Hallelujiah, Hare Krishna, [fill in blank]
December 26, 2008 7:26 PM   Subscribe

Interfaith Filter: are there any more words or expressions in other faiths/languages that are akin to the Judeo-Christian "Hallelujiah"? What are they?

I'm making a sort of collection of "praise words" in other faiths akin to "Hallelujiah" -- so far I've only found "Alhamdulillah," an Arabic word used in Islam meaning "Praise to God." There's also "Hare Krishna" and "Hare Rama" (actually, it was listening to the song "My Sweet Lord" that started me off on this, how the backing lyrics swing from "Hallelujiah" to "Hare Krishna" towards the end). There's gotta be more out there -- what else?
posted by EmpressCallipygos to Religion & Philosophy (17 answers total) 1 user marked this as a favorite
 
Bismilla?
posted by Artw at 7:39 PM on December 26, 2008


Ia, Ia! (Cthulhu fhtagn!)
posted by The Bellman at 7:42 PM on December 26, 2008


Hare rama and Hare Krishna - are not really praise words. More like 'Lord Krishna' and 'Lord Rama' - Rama and Krishna being Gods as per Hindu Mythology (India).
posted by bbyboi at 7:43 PM on December 26, 2008


Masha'Allah is used in the sense of "God has willed it," upon hearing good news. So, as one might say, "Hallelujah, you're having a baby!" Muslims might say "Masha'Allah, you're having a baby!"

(IANAM; have Pakistani Muslim friends)
posted by desjardins at 7:51 PM on December 26, 2008


Tangentially related (?)

Emaho! or e-ma-ho! Tibetan Interjection expressive of compassion for all living creatures.
Namaste
posted by desjardins at 7:58 PM on December 26, 2008


gassho is a gesture meaning reverence and thankfulness to Buddha.
posted by desjardins at 8:00 PM on December 26, 2008


Though it's come to be used as sort of generic "praise word," it actually does have a rather specific meaning, as it invokes the Jewish name for God. As you've found, the Arabic alhamdulillah does have a similar meaning, and likewise invokes the Arabic name for God, but I think that's it unless you've come across another ancient monotheistic religion of which I'm not aware. So for generic expressions of praise or thanks, sure, there are probably analogs in other religions/languages, but for words meaning "Glory be to God," that's probably it.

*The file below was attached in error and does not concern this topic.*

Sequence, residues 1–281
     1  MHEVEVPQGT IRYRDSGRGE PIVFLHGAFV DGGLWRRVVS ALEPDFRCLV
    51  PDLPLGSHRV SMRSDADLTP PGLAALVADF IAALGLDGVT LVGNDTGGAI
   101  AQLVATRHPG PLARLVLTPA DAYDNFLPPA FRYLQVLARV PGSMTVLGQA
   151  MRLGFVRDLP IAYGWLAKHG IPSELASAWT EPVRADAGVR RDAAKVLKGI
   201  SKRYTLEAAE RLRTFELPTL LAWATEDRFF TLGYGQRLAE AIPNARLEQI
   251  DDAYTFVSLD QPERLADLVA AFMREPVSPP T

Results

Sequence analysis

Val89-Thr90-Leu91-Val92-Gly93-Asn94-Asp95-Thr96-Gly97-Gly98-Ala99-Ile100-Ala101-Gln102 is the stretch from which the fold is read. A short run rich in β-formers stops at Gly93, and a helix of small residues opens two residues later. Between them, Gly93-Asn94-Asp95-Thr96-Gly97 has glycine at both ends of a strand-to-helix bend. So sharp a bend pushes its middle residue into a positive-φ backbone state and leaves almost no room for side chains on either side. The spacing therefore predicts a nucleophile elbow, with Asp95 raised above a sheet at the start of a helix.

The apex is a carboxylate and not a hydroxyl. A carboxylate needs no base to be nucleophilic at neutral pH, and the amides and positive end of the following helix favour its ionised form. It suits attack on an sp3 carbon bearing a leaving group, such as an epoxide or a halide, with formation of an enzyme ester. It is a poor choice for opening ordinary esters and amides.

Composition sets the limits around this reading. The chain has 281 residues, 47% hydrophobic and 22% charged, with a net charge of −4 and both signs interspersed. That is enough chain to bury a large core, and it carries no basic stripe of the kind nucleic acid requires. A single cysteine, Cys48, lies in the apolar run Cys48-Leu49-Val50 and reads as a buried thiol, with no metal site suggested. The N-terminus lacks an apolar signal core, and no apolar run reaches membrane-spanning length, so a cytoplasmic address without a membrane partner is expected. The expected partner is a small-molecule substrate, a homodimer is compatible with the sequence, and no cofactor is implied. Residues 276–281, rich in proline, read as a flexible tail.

posted by valkyryn at 8:13 PM on December 26, 2008


Slava domnului – Romanian
Слава Богу (slava bogu) – Russian
posted by vkxmai at 8:24 PM on December 26, 2008


In Wicca, there's "Blessed be".
posted by Marisa Stole the Precious Thing at 8:34 PM on December 26, 2008


The Egyptian reconstructionist pagans I know use "Dua [name of deity]" for "Praise Whomever" and "Nekhtet!" for a general sort of congratulatory praising (sort of the Kemetic "qapla'!", I guess).

Asatruar, Norse recon pagans, tend to use "Hail [name of deity]."
posted by fairytale of los angeles at 10:02 PM on December 26, 2008


Huzzah!
posted by meta_eli at 10:52 PM on December 26, 2008


If you watch Chinese kung-fu epics you may well see Buddhist monk characters invoking the name of the Buddha of Infinite Light, Amitabha, which in romanised Mandarin is Namo Amituofo. There's a particular religious function to invoking the name of the Buddha but use has extended to become a more generic exclamation of praise imo.
There's also "善哉" (shan zai) which is a Chinese version of the Pali "sadhu" (it sez in Chinese at link) which basically just means "good" but gets used as an exclamation in situations where it's more like "it's all good" in the infinite rightness of the Buddha-world (or something, I'm no expert).
posted by Abiezer at 2:12 AM on December 27, 2008 [1 favorite]


Ema-ho is more like "eureka!", an expression of surprise at something good.

The Tibetan lama I knew would say "nyingjé" when he wanted to remind us of a circumstance requiring compassion.
posted by zadcat at 7:27 AM on December 27, 2008


This is just the kind of info I'm looking for - thanks, and I'm continuing to check back.
posted by EmpressCallipygos at 7:59 AM on December 27, 2008


Search a Bible concordance for hallelujah and you'll find that it is almost exclusively used in the context of God's judgment. When I discovered this, it changed my attitude about the use of this word for general praise of God.
posted by partner at 9:13 AM on December 27, 2008


"Banzai!" --> "(May the Emperor live for) ten thousand years" captures "Hallelilujiah" in Japanese. "Banzai" is not a common expression, but is used (perhaps) at the end of parties or to mark a rare and important event.

"Banzai" actually comes from China (the word, therefore, is not particularly chauvinistic in Japan), and probably crops up in other northeast Asia cultures such as Korea.
posted by KokuRyu at 11:00 AM on December 27, 2008



Re: Hare Krishna -- I think bbyboi is correct but this chant is often woven with "jaya Prabhupada!" in which JAYA is Sanskrit for "victory" <- Wikipedia, Prabhupada the mortal (?) founder of the International Society for Krishna Consciousness (ISKCON) movement.
posted by ezekieldas at 3:17 PM on December 27, 2008


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